• Medical expenses such as hospital visits, emergency surgeries, and medication.
  • Disability benefits for injuries that cause any permanent or partial disabilities.
  • Partial lost wage coverage. Particularly when a worker needs time away to heal from the injuries or diseases related to a workplace.
  • Death survivor benefits for family members. Covers some costs such as funeral money.
  • Ongoing care coverage to ensure the employee is fully catered to while in the recovery process.
  • Access to training in work safety skills, reducing the risk of sustaining injury while at work.
  • Paid benefits regardless of who is at fault for the accident.

 

2. Benefits for Employers and Business

To the employers and their businesses, taking a workers’ compensation scheme is like having a saving plan. It serves the business with several advantages:

  • Protection against employees' attempts to sue the company for any work-related injuries and illnesses. Saves the business court fees and time wasted in attending the trials.
  • Keeps the business financially protected. Without the cover, employers are held financially accountable for the injuries employees sustain from work.
  • Motivation for the employees. The policy is an element of a healthy working environment, which makes employees feel worthy and cared for in the business.
  • Increased motivation increases a business’s productivity, boosting its profits.
  • Ensures compliance with the law.
Thus, taking a workers’ compensation policy is not only advantageous to employees alone. It is something worthwhile for the company as well. Learn more about workers' compensation law benefits on this link.

 

What is Not Covered in This Type of Business Insurance

Not all injuries sustained at a workplace are compensated under the workers’ remuneration scheme. For example;

  • Injuries and illnesses related to intoxication and substance abuse.
  • fight injuries aren’t compensated unless the fight was work-related.
  • Injuries sustained when commuting to and from work are not covered. However, an employee who works out of the office, e.g. a salesperson, or a worker using a company’s car can receive compensation for any injuries sustained outside the workplace.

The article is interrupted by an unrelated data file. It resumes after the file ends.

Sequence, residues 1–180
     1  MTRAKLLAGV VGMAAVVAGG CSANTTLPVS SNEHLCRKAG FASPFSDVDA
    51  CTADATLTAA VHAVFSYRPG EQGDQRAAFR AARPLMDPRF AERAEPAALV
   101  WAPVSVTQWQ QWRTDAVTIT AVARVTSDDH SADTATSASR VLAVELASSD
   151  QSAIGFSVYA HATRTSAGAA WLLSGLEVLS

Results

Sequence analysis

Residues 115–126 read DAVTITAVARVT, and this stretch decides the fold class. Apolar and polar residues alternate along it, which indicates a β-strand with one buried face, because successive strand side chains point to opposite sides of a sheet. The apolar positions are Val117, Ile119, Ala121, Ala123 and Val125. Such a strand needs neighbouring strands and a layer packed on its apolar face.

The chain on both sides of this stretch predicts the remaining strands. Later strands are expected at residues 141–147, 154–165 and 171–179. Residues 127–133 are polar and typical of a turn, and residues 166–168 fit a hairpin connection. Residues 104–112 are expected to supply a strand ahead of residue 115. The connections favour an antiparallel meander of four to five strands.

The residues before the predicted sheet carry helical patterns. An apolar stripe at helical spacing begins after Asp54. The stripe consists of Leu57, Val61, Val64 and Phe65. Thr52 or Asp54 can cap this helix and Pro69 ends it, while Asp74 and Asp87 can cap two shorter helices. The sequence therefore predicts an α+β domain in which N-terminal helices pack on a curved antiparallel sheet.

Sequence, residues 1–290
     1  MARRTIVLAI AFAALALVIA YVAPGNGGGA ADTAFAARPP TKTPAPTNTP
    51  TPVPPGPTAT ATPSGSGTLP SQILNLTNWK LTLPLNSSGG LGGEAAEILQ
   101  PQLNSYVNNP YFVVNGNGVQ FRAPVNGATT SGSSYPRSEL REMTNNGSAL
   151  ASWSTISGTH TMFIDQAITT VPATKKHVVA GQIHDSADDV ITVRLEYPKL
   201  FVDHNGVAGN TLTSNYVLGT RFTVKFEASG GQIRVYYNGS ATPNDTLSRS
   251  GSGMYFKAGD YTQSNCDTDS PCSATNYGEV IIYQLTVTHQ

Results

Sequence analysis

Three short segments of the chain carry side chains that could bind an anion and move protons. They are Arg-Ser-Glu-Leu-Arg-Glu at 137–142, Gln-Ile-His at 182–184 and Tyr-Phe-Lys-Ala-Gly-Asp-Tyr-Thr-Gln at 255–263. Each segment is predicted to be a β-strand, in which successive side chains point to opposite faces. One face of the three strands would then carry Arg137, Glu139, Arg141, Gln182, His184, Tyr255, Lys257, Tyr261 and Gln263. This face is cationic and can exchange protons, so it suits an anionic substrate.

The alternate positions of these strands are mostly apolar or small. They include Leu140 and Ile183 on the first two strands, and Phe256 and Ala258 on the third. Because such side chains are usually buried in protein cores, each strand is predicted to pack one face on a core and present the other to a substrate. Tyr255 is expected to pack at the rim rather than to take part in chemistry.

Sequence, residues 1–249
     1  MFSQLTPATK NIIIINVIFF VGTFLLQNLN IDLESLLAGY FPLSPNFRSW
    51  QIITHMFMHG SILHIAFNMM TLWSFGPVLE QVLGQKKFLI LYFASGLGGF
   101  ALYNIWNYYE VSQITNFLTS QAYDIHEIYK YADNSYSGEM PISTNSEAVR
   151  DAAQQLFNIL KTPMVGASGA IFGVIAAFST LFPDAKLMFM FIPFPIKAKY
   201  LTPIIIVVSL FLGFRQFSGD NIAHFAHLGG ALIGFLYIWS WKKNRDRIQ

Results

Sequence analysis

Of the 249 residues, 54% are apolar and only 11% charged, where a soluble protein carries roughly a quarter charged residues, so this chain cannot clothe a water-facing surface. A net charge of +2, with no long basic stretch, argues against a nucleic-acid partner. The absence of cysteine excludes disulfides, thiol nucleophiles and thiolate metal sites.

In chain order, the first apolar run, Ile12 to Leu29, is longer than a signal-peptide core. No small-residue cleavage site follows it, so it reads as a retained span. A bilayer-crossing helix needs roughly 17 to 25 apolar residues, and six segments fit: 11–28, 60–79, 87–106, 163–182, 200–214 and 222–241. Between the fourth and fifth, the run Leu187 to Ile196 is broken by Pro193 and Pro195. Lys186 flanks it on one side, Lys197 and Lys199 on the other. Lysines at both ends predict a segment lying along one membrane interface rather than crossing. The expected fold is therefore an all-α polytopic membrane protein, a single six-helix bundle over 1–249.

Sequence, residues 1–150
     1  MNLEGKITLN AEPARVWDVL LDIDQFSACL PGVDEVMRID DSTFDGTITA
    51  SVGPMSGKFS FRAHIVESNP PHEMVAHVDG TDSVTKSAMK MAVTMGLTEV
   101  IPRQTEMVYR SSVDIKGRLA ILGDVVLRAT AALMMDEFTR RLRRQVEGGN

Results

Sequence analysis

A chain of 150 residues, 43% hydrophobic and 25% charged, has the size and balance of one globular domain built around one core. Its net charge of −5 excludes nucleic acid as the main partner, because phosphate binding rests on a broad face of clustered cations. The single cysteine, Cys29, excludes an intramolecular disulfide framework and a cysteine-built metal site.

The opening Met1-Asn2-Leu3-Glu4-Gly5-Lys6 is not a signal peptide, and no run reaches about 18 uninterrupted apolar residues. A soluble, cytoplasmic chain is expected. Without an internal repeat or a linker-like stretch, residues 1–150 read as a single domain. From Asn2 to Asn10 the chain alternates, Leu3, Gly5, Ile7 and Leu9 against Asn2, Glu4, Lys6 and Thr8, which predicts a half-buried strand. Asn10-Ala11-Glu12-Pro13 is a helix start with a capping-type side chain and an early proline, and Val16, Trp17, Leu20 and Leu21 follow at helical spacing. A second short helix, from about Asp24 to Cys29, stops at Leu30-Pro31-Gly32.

• In some states, business owners and partners are not covered in the policy.
  • Employees in particular businesses, such as real estate agents and insurance agents.
  • Employees who sustain injuries or illnesses while engaging in a policy-violating event or any employee that engages in illegal business activities.
  • Self-inflicted injuries.
  • Any illness that is stress-related or caused by any psychiatric disorders.

 

How Workers’ Compensation Insurance Works

Workers’ Compensation Insurance is a form of an insurance policy. It covers the employees, the business, and the employers. For the employees, the policy gives medical care and wages in the event of a workplace injury. Payments are made when the business, employer, or insurance company proves that an injury was work-related. A judge can be involved only when the worker’s claim is disputed by both the employer and the insurance company. Workers’ compensation is paid for by the business or the employer. Employees aren’t required to contribute any funds.

How is Workers Comp processed?

Claiming for employees’ compensation involves several steps as follows;

  • The employee reports the work-related injury or illness to the employer.
  • The employer gives the employee paperwork to fill the claim details including the injury or illness sustained, the date and time of the injury, and the employee statement.
  • If the employer approves the claim, he notifies the policy provider. If need be, the employer is required to report to the state workers’ compensation board. This requirement varies depending on the state the claim is being made.